Fanfic Book Club

Samantha Glennie  

Have you ever wondered what the world of fanfiction is really like? Ever been tempted to dip your toe into the waters of non-canonical adventures; or are you an experienced member of the fanfic community, looking for some new and exciting stories?

We’ve brought together the artists involved in the Digital Writers Festival’s two fanfiction events – Representation in Fanfiction, and Digital Tour: Fanfiction Spaces – to provide some recommendations, discuss their favourite fanfiction, and chat about what makes the community so special.

First, a brief introduction. Jes, Nalini, Cubbie and Ella – tell us a bit about yourselves.

Jes Layton: Hey, Jes here! I’m a veteran fangirl, been involved in the fannish life since I was eleven. I’m an emerging writer here in Melb, the admin for Voiceworks, and if something is geeky I probably love it. Double goes if it’s edible.

Nalini Haynes: I’m a research candidate at the University of Canberra, studying representations of albinism (fictional albinos) in speculative fiction; I have albinism and people’s misunderstandings of the condition have shaped my life. I hope to influence changes to benefit the next generation growing up with albinism as well as influencing society to become more inclusive and diverse.

Cubbie Mako: I’m a member of West Writers Group and an art student at Footscray Community Art Centre in Melbourne.  My artworks and non-fiction pieces have been published in Australian literary magazines and journals.  I have written some non-fiction pieces about my love for fandom, and my personal fangirling for the 80’s cartoon series Voltron.  In the last two years, I was part of a panel at Melbourne’s Emerging Writers Festival where we had a conversation about fandom and fanfiction.

Ella Donald: I’m a freelance journalist and critic across heaps of areas, but with a particular interest in the shrinking divide between technology. I spent an inordinate amount of nights and lunch breaks particularly in high school reading fanfic.

What is it that you love about fanfiction?

Jes: Fanfiction, and its creators, don’t hold back any punches. It’s a genre not restricted by market, audience or acceptable norms. It’s unfiltered, uninhibited creativity fuelled entirely by passion.

Nalini: I love that there is a vibrant community out there writing and rewriting stories passionately to include different people groups, like putting a queer romance into Harry Potter, or disability into Star Trek.

Cubbie: I love that fanfiction writers are able plug in the gaps between episodes, or create an alternative world based on the show’s iconic characters.  In my case, I wrote an entire AU (alternate universe) prequel about how Voltron was created (long before the new Voltron Legendary Defender series was aired on Netflix in June 2016).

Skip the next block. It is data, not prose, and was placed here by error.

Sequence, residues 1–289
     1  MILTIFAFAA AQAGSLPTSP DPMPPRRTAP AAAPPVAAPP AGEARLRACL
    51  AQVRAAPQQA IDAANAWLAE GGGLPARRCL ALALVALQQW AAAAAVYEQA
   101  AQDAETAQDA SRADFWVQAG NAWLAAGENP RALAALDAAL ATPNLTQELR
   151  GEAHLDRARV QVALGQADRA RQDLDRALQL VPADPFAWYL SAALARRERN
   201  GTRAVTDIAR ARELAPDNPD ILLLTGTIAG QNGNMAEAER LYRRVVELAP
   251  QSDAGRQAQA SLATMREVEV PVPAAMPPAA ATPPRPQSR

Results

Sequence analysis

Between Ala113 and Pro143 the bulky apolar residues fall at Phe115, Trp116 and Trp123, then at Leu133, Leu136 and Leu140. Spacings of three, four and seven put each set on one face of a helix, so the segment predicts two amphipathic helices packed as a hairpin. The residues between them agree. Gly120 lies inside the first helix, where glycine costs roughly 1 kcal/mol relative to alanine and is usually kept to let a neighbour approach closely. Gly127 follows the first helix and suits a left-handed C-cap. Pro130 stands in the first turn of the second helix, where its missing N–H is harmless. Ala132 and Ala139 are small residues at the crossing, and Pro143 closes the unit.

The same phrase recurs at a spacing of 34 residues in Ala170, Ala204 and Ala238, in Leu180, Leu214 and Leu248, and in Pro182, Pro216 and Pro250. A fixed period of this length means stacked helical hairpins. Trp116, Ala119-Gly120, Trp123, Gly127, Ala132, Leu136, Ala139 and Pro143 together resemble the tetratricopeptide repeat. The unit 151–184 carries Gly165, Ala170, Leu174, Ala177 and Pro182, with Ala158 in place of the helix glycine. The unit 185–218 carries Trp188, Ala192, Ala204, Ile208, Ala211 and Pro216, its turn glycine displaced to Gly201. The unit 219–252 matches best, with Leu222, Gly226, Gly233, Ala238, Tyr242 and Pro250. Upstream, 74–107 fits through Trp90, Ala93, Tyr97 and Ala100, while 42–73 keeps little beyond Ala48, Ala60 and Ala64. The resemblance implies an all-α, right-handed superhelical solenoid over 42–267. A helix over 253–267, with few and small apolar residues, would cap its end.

Ella: I think of how it felt to discover those first few stories as a teenager – finally, I could read about someone who felt like me, which is not something I could find elsewhere! It was the only place where I could find queer stories.

Now for the fun part, what fanfiction do you recommend?

Jes: One of my favourite fanfics picks up off from the Supernatural season 6 cliff-hanger; Redemption Road is a fan-generated, large-scale CU (Canon Universe) project created by members of the SPN and Destiel fandoms. It’s a fic near and dear to my heart.

Nalini: I don’t read fanfiction but I’d recommend anything produced in an inclusive, passionate community. I’d like to plug a debut novel, though, the Man Booker longlisted speculative fiction novel The Chimes by Anna Smaill, which is the best representation of albinism that I’ve read.

Cubbie: I need to admit first I only have one fandom – Voltron.  For budgetary/economic reasons. It would be too expensive if I fangirl more than one fandom, one ship. In saying that, I came up with a list of my favourite fanfics written for my OTP (one true pairing).

Ella: Too many! My main fandoms over the years have been Orphan Black and Glee, though. It’s not a fanfic that was formative in terms of having a way to access queer-themed literature, but OBspec is one I’ll always come back to as an example of the sheer scope and artistry fanfiction can have. It was a project undertaken by a couple of Orphan Black fans who wrote their own series of teleplays for a hypothetical season four which, frankly, was better than the actual season.

What advice would you have for those wanting to write fanfiction?

Jes: Write what you want to write/read. Not everything will please everyone, but in the world of fanfiction it will please someone. Especially if you have something full on out there. Experiment, have fun.

Nalini: Write what you know. If you’re a minority voice, adding your experience to something more traditional — something where you don’t see yourself — is important and will help other people see themselves too. Have fun.

Cubbie: Find your community; find kindred writers and enjoy their company, people who help each other improve fanfiction writing.  I was lucky to be part of a small group comprised of beta-readers and editors, we even had an English teacher among the fanfiction writers.

Ella: I haven’t written much myself, so I’m not going to pretend to be an expert on this. In saying that though, don’t be afraid to take just the characters you love and go from there. Some of the best fic I’ve read has nothing in common with the source material except for the character names and a handful of their personality traits. Channel them into your world. Additionally for those more smuttily inclined, read this (NSFW) thread and ban every phrase on it from your writing.

For more from these artists, join us for Digital Tour: Fanfiction Spaces, Friday November 3, 12:30pm AEST; and Representation in Fanfiction, Friday November 3, 3pm AEST.

See the full Digital Writers’ Festival program, and watch back all our events, here.